Welcome to Campus Health and Wellness

Washington State University Tri-Cities Campus Health and Wellness provides opportunities for faculty, staff and students to strive for balance and wellness.

Wellness is an active, ongoing process which involves becoming aware of and taking steps toward a healthier, happier, more successful life.

Mission: The Washington State University Tri-Cities Campus Health and Wellness initiative promotes, maintains, and improves the health and well-being of the campus community in support of the academic mission. This will be accomplished through enhancing personal health and development; supporting the campus community through education and public health activities; and, providing a variety of learning opportunities for students.

Vision: To lead students, faculty, and staff toward a healthy campus environment that promotes student learning, scholarly and professional success and enhances all aspects of well-being.

Values: The Campus Health and Wellness Initiative will create a healthy campus where:

  • The campus community engages in healthy and protective behaviors
  • The campus community promotes personal and professional wellness
  • Health initiatives reflect the diversity of our campus community


Health care services are not available on the Tri-Cities Campus

Are You in Crisis?

National Suicide Prevention Lifeline:
1-800-273-TALK (8255)
WSU Employee Assistance Program:
Tri-Cities Campus Counselor

Click “Visit ULifeline” below and take a self-evaluation and learn about additional resources

Learn more by clicking on a section below

Mental and Emotional Health

Mental health includes our emotional, psychological, and social well-being. It affects how we think, feel, and act. It also helps determine how we handle stress, relate to others, and make choices. Not sure if you or someone you know is living with mental health problems? Experiencing one or more of the following feelings or behaviors can be an early warning sign of a problem:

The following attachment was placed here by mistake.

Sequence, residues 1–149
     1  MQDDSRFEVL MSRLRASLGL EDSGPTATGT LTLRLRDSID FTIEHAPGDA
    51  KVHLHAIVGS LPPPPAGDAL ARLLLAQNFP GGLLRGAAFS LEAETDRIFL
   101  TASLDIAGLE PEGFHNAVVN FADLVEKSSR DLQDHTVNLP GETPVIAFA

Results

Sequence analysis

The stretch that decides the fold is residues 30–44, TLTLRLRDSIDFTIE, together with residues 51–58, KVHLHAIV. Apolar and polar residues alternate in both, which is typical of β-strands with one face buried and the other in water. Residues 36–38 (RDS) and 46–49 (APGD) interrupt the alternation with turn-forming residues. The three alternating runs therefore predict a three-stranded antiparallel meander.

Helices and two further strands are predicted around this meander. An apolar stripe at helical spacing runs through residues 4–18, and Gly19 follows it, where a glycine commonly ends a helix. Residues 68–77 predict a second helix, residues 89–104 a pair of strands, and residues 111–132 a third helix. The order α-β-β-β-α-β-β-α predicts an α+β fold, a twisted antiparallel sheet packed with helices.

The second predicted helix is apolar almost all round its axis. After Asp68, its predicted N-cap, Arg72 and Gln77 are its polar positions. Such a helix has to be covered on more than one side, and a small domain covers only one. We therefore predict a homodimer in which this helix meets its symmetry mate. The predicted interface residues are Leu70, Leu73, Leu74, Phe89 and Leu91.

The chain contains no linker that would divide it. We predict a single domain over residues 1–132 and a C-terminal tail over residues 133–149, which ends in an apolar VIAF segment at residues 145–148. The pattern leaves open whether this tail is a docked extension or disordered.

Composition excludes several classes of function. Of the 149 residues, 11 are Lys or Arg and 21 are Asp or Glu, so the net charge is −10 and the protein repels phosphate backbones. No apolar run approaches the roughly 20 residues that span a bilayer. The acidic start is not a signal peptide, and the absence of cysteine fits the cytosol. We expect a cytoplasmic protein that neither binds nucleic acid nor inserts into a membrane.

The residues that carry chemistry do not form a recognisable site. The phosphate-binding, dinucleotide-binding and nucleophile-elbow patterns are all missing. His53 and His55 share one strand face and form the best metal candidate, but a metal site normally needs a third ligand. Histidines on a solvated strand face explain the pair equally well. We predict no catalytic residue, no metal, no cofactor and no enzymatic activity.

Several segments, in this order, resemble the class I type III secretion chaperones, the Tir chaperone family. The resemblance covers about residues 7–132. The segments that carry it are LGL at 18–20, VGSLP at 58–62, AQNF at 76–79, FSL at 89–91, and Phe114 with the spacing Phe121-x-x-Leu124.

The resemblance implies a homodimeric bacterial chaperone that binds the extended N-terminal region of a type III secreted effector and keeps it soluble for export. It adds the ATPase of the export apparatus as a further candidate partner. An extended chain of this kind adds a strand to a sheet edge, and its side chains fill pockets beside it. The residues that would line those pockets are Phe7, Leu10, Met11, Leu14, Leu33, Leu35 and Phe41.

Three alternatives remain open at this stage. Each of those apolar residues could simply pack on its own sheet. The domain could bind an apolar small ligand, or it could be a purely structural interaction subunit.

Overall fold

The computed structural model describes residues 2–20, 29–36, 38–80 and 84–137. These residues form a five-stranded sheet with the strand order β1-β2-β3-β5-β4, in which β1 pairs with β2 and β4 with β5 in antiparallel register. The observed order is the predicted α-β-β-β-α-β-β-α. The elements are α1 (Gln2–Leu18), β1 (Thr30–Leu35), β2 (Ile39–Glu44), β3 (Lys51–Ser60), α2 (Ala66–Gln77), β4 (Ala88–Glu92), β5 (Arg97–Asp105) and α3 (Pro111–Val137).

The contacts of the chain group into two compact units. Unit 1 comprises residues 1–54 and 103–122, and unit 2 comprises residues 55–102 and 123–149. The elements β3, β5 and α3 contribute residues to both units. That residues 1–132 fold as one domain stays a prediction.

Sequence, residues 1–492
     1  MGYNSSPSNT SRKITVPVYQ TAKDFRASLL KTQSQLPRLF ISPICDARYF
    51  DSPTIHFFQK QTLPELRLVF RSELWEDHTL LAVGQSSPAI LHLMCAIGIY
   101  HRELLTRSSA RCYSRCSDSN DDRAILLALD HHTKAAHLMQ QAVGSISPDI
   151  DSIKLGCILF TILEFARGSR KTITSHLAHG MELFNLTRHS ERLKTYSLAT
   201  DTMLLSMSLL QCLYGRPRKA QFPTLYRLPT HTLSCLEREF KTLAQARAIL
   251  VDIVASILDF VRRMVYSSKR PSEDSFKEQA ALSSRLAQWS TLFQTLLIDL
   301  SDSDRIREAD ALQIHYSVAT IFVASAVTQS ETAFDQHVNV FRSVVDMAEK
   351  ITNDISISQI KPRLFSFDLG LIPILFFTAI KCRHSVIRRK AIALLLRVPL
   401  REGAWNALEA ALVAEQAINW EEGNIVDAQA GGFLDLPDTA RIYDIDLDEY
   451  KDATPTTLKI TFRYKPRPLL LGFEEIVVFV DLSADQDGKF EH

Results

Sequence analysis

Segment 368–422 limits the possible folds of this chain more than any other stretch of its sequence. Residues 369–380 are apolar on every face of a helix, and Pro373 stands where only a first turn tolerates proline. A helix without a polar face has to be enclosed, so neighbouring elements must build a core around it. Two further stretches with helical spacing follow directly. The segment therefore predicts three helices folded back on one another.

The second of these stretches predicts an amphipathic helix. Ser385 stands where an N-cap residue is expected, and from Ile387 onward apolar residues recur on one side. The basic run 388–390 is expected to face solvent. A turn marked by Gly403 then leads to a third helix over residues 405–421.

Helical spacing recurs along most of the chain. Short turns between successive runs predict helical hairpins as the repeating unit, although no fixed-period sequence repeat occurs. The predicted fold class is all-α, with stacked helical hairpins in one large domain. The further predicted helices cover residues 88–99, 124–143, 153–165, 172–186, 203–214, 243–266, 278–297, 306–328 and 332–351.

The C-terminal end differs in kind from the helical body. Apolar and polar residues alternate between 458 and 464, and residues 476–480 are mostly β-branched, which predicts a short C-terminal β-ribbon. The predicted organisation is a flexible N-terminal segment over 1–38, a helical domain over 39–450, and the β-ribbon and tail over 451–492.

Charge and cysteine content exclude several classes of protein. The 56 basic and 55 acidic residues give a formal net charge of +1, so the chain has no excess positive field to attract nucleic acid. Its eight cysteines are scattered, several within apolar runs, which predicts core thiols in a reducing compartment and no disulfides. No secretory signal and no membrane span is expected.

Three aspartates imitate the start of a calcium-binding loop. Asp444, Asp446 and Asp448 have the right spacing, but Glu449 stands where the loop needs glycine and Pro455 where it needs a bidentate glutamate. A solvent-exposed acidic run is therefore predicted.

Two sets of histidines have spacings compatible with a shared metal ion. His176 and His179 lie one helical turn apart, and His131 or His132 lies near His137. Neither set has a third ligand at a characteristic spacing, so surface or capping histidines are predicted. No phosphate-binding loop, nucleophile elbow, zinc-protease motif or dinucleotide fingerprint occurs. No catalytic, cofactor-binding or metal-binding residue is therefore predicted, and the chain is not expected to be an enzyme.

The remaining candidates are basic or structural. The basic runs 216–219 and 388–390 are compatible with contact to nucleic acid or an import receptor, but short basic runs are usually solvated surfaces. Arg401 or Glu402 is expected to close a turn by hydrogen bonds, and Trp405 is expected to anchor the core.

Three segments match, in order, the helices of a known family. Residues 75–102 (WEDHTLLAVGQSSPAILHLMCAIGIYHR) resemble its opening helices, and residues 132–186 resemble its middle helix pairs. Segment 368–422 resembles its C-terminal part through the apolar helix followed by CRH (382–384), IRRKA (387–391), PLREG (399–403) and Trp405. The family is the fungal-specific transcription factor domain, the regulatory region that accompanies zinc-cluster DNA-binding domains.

•     Eating or sleeping too much or too little
  •     Pulling away from people and usual activities
  •     Having low or no energy
  •     Feeling numb or like nothing matters
  •     Having unexplained aches and pains
  •     Feeling helpless or hopeless
  •     Smoking, drinking, or using drugs more than usual
  •     Feeling unusually confused, forgetful, on edge, angry, upset, worried, or scared
  •     Yelling or fighting with family and friends
  •     Experiencing severe mood swings that cause problems in relationships
  •     Having persistent thoughts and memories you can’t get out of your head
  •     Hearing voices or believing things that are not true
  •     Thinking of harming yourself or others
  •     Inability to perform daily tasks like taking care of your kids or getting to work or school

Students in need of short term mental health care on campus information is available by calling 509-372-7153 or clicking here

Faculty and staff can contact Employee Assistance Program (EAP) at 1-800-313-4455 or click here for the EAP Website

Suicide Prevention

Recognizing these warning signs might help prevent a suicide attempt:

  •     Statements indicating suicidal thinking
  •     References indicating a desire to die
  •     Depression or other mood changes
  •     Withdrawal from friends/family
  •     Drug or alcohol abuse
  •     Impulsiveness or recklessness
  •     Anger and anxiety
  •     Feeling trapped and hopeless
  •     Suffering a major loss or life change
  •     Access to self-destructive means